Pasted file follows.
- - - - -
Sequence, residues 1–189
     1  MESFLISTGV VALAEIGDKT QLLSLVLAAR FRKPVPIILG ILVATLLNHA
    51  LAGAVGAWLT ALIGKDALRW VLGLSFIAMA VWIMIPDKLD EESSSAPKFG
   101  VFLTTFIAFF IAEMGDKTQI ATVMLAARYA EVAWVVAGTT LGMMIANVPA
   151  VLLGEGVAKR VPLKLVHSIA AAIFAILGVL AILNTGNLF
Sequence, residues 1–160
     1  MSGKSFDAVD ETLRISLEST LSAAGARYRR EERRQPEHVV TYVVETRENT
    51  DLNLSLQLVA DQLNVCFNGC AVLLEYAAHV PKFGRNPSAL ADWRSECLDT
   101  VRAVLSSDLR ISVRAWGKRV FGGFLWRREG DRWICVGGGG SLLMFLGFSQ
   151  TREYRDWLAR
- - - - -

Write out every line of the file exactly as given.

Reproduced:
Sequence, residues 1–189
     1  MESFLISTGV VALAEIGDKT QLLSLVLAAR FRKPVPIILG ILVATLLNHA
    51  LAGAVGAWLT ALIGKDALRW VLGLSFIAMA VWIMIPDKLD EESSSAPKFG
   101  VFLTTFIAFF IAEMGDKTQI ATVMLAARYA EVAWVVAGTT LGMMIANVPA
   151  VLLGEGVAKR VPLKLVHSIA AAIFAILGVL AILNTGNLF
Sequence, residues 1–160
     1  MSGKSFDAVD ETLRISLEST LSAAGARYRR EERRQPEHVV TYVVETRENT
    51  DLNLSLQLVA DQLNVCFNGC AVLLEYAAHV PKFGRNPSAL ADWRSECLDT
   101  VRAVLSSDLR ISVRAWGKRV FGGFLWRREG DRWICVGGGG SLLMFLGFSQ
   151  TREYRDWLAR